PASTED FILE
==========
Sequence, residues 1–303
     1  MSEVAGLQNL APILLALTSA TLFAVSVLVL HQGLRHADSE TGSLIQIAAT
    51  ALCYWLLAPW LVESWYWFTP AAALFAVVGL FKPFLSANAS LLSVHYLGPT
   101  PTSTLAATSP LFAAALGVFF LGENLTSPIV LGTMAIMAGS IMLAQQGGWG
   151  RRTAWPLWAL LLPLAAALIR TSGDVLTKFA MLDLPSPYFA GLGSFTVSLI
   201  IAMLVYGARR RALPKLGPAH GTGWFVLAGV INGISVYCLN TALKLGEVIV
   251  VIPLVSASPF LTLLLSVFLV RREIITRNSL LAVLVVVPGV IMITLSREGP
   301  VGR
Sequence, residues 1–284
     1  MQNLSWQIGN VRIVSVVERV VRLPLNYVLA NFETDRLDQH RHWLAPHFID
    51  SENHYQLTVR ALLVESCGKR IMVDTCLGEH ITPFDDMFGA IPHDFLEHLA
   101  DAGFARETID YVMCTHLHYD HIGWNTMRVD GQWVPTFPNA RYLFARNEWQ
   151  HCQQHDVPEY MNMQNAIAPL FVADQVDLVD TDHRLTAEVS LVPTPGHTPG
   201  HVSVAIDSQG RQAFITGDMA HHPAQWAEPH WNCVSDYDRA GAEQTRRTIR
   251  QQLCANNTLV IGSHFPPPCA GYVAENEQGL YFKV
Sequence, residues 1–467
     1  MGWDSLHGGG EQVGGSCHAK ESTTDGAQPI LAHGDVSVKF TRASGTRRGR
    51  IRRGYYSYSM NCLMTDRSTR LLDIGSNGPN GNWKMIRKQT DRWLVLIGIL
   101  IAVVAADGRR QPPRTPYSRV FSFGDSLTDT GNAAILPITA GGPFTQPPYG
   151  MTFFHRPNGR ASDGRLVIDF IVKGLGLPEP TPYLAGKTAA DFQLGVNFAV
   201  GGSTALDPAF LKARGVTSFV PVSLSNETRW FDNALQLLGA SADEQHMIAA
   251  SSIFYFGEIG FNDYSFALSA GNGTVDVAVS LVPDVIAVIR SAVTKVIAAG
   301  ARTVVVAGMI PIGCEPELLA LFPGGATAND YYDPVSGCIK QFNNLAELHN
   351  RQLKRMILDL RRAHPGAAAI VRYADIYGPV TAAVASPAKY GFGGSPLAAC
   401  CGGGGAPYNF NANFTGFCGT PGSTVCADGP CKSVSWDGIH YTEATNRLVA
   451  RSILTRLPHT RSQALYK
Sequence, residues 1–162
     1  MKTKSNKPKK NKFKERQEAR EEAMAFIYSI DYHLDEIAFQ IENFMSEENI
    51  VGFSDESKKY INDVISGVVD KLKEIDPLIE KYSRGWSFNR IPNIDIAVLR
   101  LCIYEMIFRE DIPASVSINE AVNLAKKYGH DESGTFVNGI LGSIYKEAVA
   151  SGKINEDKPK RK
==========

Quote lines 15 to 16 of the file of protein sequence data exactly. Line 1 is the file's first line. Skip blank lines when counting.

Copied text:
   251  QQLCANNTLV IGSHFPPPCA GYVAENEQGL YFKV
Sequence, residues 1–467